I have no real problem with Barta's position, but there is a risk involved anytime you’re dealing with somebody who is combustible and highly competitive.
“I just want to begin by saying I’m a very passionate person, I think everybody in this room knows and understands that,” McCaffery said at the start of his press conference on Wednesday. “I love my family and I love my players and we live in a very competitive environment.
“Last night was one of those nights where my emotions got the better of me. And I apologize for that and I regret that.”
I’m willing to give McCaffery the benefit of the doubt, because for one, I like him, and two, a huge majority of his players also like and respect him.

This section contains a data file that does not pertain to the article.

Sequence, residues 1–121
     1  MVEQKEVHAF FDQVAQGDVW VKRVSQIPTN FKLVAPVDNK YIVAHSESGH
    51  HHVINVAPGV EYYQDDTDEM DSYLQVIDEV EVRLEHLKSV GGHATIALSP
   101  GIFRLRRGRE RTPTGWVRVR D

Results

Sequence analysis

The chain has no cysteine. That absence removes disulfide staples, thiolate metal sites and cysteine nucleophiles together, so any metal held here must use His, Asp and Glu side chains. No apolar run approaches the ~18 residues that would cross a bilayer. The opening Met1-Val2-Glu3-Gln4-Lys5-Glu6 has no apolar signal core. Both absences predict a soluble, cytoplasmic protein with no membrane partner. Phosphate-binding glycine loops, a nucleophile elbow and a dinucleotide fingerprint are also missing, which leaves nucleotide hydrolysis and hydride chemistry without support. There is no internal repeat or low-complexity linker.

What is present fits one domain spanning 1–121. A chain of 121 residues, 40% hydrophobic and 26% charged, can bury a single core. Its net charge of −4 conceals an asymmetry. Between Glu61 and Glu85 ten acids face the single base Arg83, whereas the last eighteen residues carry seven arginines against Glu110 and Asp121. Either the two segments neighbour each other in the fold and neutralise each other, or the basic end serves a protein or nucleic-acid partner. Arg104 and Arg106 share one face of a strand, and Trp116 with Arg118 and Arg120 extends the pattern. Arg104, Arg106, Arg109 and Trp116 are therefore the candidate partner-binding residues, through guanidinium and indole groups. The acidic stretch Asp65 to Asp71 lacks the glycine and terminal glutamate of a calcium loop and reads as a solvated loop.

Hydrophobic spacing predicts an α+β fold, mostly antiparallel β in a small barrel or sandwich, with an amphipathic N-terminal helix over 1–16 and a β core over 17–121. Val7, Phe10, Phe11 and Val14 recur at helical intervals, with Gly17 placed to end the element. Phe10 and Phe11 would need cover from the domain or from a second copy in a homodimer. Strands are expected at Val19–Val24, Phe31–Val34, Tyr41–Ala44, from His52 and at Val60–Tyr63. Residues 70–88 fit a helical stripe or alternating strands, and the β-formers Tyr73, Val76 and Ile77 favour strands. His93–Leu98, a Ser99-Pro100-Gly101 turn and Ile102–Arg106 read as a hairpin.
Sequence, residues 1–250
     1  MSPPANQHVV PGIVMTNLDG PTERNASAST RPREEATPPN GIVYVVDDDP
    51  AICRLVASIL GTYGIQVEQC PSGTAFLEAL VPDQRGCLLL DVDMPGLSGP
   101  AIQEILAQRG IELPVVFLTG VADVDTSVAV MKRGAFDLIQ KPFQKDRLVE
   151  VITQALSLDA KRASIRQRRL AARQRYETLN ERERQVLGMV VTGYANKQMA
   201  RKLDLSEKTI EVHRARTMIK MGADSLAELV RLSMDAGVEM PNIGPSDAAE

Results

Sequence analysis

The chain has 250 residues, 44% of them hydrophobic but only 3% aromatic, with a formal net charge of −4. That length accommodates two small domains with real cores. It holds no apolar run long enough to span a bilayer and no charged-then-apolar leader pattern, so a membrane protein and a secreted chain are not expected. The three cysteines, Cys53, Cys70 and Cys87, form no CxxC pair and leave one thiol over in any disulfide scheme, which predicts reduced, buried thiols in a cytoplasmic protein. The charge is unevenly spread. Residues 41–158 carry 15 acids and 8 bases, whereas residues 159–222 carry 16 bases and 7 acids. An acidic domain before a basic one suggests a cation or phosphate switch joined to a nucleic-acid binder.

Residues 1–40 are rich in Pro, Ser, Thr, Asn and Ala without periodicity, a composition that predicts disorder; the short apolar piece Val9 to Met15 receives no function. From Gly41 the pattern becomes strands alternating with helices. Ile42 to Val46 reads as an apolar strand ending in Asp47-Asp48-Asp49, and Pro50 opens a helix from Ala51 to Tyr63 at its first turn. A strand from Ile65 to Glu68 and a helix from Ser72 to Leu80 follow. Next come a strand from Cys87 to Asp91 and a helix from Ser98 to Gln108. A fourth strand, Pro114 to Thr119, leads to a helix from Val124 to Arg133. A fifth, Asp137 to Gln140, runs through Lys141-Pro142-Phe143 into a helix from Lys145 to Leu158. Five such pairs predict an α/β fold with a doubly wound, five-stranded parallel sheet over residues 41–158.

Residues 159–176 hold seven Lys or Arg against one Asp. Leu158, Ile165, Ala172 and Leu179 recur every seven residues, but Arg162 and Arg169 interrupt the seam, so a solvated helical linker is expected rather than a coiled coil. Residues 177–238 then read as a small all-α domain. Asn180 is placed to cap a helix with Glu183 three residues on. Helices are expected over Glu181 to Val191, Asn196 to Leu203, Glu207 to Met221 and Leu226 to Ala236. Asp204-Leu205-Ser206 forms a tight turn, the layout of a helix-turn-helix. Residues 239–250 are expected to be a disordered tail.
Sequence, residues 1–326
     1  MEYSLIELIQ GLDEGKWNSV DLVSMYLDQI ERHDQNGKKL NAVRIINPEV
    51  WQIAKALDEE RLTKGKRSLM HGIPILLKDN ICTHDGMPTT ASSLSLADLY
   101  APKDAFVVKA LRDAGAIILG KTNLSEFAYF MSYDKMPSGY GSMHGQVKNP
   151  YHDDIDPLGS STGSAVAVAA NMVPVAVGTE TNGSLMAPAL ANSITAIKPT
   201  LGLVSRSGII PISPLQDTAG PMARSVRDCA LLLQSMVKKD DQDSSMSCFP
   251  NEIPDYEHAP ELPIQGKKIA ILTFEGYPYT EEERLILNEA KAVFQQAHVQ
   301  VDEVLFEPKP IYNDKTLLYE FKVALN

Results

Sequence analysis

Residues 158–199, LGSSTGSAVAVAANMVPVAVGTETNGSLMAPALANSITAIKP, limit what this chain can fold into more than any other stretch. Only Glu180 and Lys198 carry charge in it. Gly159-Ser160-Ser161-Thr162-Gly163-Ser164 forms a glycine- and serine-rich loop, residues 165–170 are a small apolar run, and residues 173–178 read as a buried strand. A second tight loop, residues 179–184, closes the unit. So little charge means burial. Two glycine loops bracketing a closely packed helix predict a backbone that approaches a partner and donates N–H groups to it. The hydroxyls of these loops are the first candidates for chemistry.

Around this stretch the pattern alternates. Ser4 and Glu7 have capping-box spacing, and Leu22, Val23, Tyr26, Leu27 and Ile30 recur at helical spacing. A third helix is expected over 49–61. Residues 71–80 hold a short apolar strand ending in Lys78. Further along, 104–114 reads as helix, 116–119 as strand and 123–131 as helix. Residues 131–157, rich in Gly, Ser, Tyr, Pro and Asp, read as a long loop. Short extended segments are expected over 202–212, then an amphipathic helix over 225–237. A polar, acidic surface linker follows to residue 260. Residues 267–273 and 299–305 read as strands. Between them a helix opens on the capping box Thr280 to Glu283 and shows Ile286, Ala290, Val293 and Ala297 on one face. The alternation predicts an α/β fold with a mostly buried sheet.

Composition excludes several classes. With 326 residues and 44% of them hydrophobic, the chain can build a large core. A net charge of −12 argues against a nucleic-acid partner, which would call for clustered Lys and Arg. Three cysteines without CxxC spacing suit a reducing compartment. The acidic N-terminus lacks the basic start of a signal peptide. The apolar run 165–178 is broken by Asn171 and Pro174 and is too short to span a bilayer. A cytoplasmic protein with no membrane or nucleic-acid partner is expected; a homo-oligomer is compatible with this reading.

That’s obvious just from the few players that have transferred under his watch, and from how his former players defend him.
Former All-Big Ten guard Peter Jok posted this endorsement on Twitter after McCaffery was suspended.
“One thing I’ve always loved about coach McCaffery is he always had the players back no matter what and did whatever it took to protect us! I’d go to war with Coach and day and time!"
The players wouldn’t stick around and defend McCaffery if he lost his temper on a regular basis. He sometimes loses it during a timeout, but it’s never directed at one player, and the rage usually ends as soon as play resumes.
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McCaffery is on the verge of leading Iowa to the NCAA Tournament for the fourth time in six seasons. His team is 21-7 overall after finishing just 14-19 last season.
They players bought into what McCaffery said during a pivotal offseason, and that wouldn't have happend if McCaffery was some raging monster who repeatedly loses his temper.
“I think I’m a pretty composed guy if you’re around me a lot,” McCaffery said.